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Economics of wild salmon ecosystems: Bristol Bay, AlaskaAuthor(s): John W. Duffield; Christopher J. Neher; David A. Patterson; Oliver S. Goldsmith
Source: In: Watson, Alan; Sproull, Janet; Dean, Liese, comps. Science and stewardship to protect and sustain wilderness values: Eighth World Wilderness Congress symposium; September 30-October 6, 2005; Anchorage, AK. Proceedings RMRS-P-49. Fort Collins, CO: U.S. Department of Agriculture, Forest Service, Rocky Mountain Research Station. p. 35-44
Publication Series: Proceedings (P)
Station: Rocky Mountain Research Station
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DescriptionThis paper provides an estimate of the economic value of wild salmon ecosystems in the major watershed of Bristol Bay, Alaska. The analysis utilizes both regional economic and social benefit-cost accounting frameworks. Key sectors analyzed include subsistence, commercial fishing, sport fishing, hunting, and nonconsumptive wildlife viewing and tourism. The mixed cash-subsistence economy of Bristol Bay supports a population of 7,611 (2000 census) that is 67 percent Alaska Native. Estimated expenditures and net economic values for all sectors were based on a literature review and available data, with the exception that original data was collected for 2005 on the sport fish sector using a random sample of licensed Alaska anglers. Methods included use of a regional input-output model maintained at the University of Alaska, and survey research and contingent valuation methods for the sport fishermen. Potential respondents included 886 resident anglers and 1,514 nonresident anglers contacted through a mail/internet approach. Additionally, 300 licensed anglers, 330 clients of Bristol Bay fishing lodges, and 46 lodge owners were contacted through a mail survey. Response rates ranged from 25.6 percent for resident anglers to 44.1 percent for nonresidents. Estimated direct expenditures/sales were $234.4 million in 2005 for commercial fishing and processing, $61 million for sport fishing, $17.1 million for wildlife viewing, $7.2 million for subsistence-related expenditures, and $12.4 million for sport hunting. Nearly 100 percent of the private basic sector in Bristol Bay and 5,540 full-time equivalent jobs are supported by this $324 million estimated direct economic impact associated with wild salmon ecosystem services. Direct net economic values are estimated at $104 million to $179 million per year, and are primarily associated with the subsistence sector.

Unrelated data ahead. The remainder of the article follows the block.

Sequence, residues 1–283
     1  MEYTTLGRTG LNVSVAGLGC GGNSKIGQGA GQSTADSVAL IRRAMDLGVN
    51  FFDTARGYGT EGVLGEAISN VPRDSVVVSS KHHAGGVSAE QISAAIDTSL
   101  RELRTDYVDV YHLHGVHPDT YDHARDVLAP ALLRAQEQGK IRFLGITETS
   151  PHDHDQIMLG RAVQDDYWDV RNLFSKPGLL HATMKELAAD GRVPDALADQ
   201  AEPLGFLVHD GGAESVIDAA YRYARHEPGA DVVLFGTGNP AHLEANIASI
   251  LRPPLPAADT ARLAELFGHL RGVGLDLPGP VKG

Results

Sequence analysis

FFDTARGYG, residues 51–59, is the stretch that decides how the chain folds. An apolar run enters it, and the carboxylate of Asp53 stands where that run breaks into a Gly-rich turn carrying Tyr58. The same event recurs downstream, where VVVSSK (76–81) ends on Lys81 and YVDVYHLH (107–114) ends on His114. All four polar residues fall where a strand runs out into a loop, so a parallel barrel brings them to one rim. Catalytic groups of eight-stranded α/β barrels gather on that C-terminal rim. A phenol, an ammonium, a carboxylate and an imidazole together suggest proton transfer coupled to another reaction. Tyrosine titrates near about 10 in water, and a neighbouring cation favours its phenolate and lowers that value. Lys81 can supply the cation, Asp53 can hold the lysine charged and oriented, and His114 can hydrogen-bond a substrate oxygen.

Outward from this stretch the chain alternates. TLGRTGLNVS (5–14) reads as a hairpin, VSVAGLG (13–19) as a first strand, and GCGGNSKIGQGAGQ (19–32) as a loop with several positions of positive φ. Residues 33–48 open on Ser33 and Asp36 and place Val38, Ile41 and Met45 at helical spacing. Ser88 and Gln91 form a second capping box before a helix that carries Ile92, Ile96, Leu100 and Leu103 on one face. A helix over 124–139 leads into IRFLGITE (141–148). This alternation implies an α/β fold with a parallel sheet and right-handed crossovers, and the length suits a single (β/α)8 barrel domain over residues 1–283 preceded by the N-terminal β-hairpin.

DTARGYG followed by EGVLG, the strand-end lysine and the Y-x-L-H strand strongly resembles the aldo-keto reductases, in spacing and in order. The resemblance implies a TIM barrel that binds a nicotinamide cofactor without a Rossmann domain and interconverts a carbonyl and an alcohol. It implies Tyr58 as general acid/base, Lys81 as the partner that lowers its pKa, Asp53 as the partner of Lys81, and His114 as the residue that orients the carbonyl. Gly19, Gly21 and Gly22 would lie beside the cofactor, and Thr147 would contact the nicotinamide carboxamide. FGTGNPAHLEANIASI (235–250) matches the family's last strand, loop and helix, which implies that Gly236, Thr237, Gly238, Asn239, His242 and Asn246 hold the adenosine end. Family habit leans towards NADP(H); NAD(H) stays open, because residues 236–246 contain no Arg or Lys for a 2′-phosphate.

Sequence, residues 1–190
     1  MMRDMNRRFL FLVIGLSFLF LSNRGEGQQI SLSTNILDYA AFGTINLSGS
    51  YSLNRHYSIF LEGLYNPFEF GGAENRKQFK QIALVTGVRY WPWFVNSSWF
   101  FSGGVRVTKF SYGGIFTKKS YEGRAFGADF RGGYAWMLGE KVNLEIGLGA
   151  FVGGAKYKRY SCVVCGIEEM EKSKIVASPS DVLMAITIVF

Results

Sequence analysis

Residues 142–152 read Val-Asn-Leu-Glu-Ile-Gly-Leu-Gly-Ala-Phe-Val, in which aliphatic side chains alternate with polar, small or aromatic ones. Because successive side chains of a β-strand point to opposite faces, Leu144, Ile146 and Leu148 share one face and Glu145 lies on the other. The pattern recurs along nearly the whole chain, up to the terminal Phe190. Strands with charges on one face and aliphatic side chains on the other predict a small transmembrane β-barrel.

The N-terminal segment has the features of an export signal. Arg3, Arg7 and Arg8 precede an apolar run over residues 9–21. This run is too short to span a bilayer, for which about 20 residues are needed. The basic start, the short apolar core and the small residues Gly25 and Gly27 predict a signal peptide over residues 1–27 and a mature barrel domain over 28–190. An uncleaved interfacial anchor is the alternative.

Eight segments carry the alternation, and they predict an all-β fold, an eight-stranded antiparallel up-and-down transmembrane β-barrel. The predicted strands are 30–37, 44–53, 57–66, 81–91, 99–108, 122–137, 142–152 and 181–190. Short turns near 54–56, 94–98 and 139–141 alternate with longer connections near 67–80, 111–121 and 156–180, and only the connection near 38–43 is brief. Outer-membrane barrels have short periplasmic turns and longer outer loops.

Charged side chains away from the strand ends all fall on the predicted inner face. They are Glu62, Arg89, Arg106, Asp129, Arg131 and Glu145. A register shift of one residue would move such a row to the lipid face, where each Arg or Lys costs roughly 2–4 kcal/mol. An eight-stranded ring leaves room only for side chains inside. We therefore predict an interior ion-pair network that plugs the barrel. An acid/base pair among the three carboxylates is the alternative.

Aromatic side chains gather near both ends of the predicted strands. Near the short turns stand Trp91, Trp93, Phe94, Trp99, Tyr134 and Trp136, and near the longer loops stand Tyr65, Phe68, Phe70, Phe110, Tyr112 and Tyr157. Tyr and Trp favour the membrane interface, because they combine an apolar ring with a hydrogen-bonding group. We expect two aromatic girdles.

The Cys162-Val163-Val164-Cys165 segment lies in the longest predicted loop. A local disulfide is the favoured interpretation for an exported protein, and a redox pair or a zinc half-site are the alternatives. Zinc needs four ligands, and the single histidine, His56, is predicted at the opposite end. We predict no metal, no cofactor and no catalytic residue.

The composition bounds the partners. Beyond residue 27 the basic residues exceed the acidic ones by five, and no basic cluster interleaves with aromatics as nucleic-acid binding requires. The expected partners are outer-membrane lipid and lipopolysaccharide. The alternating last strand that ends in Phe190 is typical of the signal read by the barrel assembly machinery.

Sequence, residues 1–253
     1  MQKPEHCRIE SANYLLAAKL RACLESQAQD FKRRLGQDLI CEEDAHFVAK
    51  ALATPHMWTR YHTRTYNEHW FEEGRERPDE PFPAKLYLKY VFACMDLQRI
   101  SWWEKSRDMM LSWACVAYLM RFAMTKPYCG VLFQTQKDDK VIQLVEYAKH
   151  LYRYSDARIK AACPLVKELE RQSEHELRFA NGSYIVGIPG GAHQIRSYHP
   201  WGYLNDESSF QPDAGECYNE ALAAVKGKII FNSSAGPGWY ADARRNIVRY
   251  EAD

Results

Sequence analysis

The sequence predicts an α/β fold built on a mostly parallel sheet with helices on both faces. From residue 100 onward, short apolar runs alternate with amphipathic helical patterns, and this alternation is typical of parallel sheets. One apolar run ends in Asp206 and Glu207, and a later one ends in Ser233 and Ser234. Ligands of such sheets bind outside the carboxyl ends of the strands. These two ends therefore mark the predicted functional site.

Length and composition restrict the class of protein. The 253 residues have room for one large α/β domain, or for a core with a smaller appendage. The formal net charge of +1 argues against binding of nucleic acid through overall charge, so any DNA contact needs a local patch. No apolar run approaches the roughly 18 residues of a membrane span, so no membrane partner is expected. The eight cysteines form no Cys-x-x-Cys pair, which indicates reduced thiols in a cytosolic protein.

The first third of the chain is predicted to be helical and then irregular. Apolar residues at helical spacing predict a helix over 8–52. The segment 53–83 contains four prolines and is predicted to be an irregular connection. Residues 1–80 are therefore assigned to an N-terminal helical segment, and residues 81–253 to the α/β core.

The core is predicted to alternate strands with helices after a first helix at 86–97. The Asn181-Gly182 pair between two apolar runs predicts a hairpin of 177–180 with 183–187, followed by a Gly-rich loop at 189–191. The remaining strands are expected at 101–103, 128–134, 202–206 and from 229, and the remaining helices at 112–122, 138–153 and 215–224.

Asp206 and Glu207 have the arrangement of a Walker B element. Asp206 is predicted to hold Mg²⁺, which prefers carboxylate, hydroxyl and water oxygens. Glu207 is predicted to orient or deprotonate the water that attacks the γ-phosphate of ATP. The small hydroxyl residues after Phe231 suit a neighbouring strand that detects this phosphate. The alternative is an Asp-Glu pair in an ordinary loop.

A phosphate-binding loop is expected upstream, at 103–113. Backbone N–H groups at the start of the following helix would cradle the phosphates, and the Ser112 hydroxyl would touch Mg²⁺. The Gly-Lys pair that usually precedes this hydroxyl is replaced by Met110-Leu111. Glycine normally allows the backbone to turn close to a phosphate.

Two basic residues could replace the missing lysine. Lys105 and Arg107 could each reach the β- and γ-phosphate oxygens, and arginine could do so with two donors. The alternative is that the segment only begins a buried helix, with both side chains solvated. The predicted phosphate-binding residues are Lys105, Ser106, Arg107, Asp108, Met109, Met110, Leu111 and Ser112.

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CitationDuffield, John W.; Neher, Christopher J.; Patterson, David A.; Goldsmith, Oliver S. 2007. Economics of wild salmon ecosystems: Bristol Bay, Alaska. In: Watson, Alan; Sproull, Janet; Dean, Liese, comps. Science and stewardship to protect and sustain wilderness values: Eighth World Wilderness Congress symposium; September 30-October 6, 2005; Anchorage, AK. Proceedings RMRS-P-49. Fort Collins, CO: U.S. Department of Agriculture, Forest Service, Rocky Mountain Research Station. p. 35-44
Keywordswilderness, biodiversity, protected areas, economics, subsistence, tourism, traditional knowledge, community involvement, policy, stewardship, education, spiritual values
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